Exactly. You don’t want to hand them the same vanilla ice cream cone that everyone else has been offering them all day; you want to hand them the deluxe waffle cone stuffed with lemon-thyme sorbet and chocolate mousse.

And that, dear friends, is why I’m spending the days to come talking about how to market your work in ways that make sense to the industry, rather than just telling you to cram years of your hopes and dreams into three overstuffed sentences as…well, as others do.

By the time we reach the end of this series, my hope is that you will not only be able to give a successful pitch AND elevator speech — I would like for you to be prepared to speak fluently about your work anytime, anywhere, to anybody, no matter how influential.

Even to a New York Times bestselling writer, should you happen to bump into one.

In short, my goal here is to help you sound like a professional, market-savvy writer, rather than the nervous wreck most of us are walking into pitch meetings. To achieve that, a writer needs to learn to describe a book in language the industry understands.

The first building block of fluency follows tomorrow. I know you’re up for it.

Truth compels me to say, though, that not everyone out there agrees that my take on this process is unequivocally good for aspiring writers — including, let’s face it, some of the folks to whom I have referred above. But then, we also have a long-standing, fundamental disagreement about whether the primary purpose of a writers’ organization — or literary contest, for that matter — is to help the struggling writers out there or those already established promote their work more effectively.

Try as I might to keep my opinion to myself, hints do seem to pop out from time to time. I encourage you to make up your own minds, my friends — and to keep up the good work!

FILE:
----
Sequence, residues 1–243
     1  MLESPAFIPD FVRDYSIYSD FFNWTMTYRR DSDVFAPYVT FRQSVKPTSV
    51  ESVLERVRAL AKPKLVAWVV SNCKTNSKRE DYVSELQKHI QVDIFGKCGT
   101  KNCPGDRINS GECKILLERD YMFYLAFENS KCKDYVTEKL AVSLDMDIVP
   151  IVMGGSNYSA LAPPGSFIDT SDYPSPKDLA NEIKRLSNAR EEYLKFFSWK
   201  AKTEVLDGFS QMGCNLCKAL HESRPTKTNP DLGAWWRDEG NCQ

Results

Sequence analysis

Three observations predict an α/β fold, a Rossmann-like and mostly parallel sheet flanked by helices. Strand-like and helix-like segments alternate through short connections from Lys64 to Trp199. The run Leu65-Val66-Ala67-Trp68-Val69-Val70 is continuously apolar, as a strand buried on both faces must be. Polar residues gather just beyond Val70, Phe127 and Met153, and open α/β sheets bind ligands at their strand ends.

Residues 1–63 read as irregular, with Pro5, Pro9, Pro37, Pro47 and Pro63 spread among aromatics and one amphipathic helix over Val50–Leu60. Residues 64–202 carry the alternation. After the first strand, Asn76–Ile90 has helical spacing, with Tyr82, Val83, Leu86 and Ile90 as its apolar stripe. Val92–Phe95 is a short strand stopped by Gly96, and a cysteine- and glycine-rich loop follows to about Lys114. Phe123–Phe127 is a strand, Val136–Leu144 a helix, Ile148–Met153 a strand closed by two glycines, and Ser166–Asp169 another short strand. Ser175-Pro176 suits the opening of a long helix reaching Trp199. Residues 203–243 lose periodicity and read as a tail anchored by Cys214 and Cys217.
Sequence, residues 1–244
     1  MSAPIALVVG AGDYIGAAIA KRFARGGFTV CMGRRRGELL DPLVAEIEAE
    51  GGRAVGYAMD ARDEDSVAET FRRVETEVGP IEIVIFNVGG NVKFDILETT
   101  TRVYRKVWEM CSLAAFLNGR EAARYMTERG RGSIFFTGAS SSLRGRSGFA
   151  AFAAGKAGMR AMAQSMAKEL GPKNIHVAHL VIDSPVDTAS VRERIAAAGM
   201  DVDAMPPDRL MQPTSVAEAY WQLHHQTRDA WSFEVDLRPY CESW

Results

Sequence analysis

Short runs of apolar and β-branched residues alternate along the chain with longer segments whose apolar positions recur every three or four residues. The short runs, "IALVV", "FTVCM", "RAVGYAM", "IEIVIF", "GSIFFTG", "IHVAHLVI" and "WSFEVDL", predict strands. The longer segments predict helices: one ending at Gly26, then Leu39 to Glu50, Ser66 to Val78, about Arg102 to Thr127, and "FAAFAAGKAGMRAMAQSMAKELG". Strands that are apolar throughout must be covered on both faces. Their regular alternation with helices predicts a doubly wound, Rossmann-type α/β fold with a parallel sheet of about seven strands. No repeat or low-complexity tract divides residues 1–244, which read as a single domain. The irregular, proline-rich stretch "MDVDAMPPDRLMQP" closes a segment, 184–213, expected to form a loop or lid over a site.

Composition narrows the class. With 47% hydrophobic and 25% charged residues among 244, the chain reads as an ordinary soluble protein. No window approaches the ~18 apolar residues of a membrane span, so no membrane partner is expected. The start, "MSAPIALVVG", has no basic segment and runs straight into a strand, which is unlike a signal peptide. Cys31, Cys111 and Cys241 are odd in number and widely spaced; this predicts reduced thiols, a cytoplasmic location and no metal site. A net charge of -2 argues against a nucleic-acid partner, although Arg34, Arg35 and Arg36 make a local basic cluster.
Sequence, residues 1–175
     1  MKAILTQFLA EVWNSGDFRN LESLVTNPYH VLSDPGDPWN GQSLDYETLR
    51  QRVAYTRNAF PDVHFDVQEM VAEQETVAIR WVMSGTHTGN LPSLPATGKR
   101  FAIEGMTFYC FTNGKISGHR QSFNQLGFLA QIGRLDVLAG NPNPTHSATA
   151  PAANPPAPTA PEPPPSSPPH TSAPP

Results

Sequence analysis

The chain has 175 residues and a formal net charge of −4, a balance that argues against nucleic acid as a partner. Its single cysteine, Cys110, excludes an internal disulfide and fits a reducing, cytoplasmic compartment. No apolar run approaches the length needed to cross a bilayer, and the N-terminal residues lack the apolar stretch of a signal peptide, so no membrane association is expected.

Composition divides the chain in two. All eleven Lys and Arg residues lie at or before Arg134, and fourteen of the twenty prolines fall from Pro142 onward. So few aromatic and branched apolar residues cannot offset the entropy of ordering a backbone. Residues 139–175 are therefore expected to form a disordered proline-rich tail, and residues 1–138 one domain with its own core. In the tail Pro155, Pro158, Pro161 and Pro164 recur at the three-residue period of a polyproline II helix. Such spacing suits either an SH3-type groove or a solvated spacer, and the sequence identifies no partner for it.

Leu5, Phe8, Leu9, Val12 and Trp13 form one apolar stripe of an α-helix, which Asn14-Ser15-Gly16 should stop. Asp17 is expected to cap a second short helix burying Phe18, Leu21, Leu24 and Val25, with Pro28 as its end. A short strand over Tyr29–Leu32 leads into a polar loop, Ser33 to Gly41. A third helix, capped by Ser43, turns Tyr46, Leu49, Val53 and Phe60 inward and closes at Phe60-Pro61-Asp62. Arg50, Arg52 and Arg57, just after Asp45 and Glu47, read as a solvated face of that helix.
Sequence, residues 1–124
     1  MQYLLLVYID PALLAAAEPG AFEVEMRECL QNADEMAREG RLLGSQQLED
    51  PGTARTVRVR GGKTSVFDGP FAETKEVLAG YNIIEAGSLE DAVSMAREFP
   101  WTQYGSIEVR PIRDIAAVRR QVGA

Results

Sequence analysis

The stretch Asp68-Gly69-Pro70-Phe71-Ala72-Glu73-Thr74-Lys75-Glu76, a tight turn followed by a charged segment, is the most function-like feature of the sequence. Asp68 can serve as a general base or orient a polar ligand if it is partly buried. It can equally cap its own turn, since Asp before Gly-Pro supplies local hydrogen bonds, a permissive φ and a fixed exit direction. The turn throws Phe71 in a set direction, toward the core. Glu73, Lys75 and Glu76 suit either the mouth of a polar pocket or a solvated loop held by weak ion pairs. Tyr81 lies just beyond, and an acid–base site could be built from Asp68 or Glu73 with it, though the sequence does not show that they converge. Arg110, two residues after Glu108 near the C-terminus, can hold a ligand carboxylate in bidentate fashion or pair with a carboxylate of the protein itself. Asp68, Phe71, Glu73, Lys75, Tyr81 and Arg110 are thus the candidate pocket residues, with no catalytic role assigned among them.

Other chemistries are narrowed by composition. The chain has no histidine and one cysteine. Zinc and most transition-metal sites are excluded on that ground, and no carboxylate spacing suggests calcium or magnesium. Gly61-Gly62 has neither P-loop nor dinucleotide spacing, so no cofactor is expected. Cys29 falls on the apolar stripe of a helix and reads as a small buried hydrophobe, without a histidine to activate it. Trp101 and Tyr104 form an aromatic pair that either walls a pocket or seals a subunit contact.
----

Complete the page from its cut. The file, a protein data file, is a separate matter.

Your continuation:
15 Replies to “The times they are a-changin’ — but it’s hard to tell whether it’s for better or worse”

  1. I think I may be able to offer a bit of expertise on some areas . . .

    As a speech teacher and drama director, I suggest (obviously) rehearse. Note cards are useful–but don’t write out your speech word for word. You want to look at the person you’re talking to. Talk to them, don’t read to them.
    Use a loud voice. This may be a pet peeve of mine, but I hate straining to listen to people who refuse to speak at normal tones. It’s a natural response to quiet down in tense situations. You’ll have to fight that.
    I’m not sure what kind of impression an agent will get if you walk into a pitch with a note card, but try not to memorize your speech. It takes hours and hours of practice to make a memorized speech sound alive and energetic. Just write down (or remember) a few prompts.
    Writers are good at writing. There’s no reason they can’t write a speech ahead of time.

    Also, my expertise as a history minor who was obsessed with Vaudeville, periods of economic recession tend to be incredibly good for anyone in the entertainment business. I suggest feeling hopeful, despite what the agents say.

    1. Thanks for that, Jake! What good ideas.

      I’m absolutely with you about both the volume and the robot-like delivery memorization tends to produce. And it’s perfectly acceptable to walk into a pitch meeting with a notecard — far, far better to do that than to go blank in mid-sentence, right?

  2. Just for my own clarification, I just checked the website of a certain UNNAMED ORGANIZATION with regard to the rules of their literary contest. To condense and paraphrase somewhat, the rules speak of, “a writer’s unpublished work.” I would interpret that to mean that as long as the entry itself is unpublished, the writer could well be one with an extensive list of credits and previously published best sellers. Technically then, a previously published, well established author could enter this particular contest. Not at all fair, but as I see it, well within the rules. My suggestion for organizers of the contest, should they ever decide to heed it, would be to have two broad classifications: one for previously published, and one for never published.


    1. I like your two-tiered idea very much indeed, Dave — effectively, it produces the same effect as the old expectation of separate professional and non-professional competitions.

      I checked those rules, too, and my sense is that you’re right — but for the life of me, I can’t remember how it used to be worded to, um, discourage this type of thing. If memory serves, it wasn’t merely a matter of peer pressure or anyone being taken aside and asked, “Isn’t that a trifle tacky of you?”

      But however it may have been, it apparently isn’t now. It makes me wonder if any of the other (unhappily few) competitions for book-length unpublished work have also changed their rules recently. At minimum, I guess entrants should double-check before entering.

      I can’t even begin to speculate on the karmic implications of all this.